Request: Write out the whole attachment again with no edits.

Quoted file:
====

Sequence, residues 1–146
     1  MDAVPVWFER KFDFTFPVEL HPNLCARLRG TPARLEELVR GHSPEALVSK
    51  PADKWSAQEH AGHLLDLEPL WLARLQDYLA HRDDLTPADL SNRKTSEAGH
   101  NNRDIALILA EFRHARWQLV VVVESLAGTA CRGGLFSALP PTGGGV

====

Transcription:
Sequence, residues 1–146
     1  MDAVPVWFER KFDFTFPVEL HPNLCARLRG TPARLEELVR GHSPEALVSK
    51  PADKWSAQEH AGHLLDLEPL WLARLQDYLA HRDDLTPADL SNRKTSEAGH
   101  NNRDIALILA EFRHARWQLV VVVESLAGTA CRGGLFSALP PTGGGV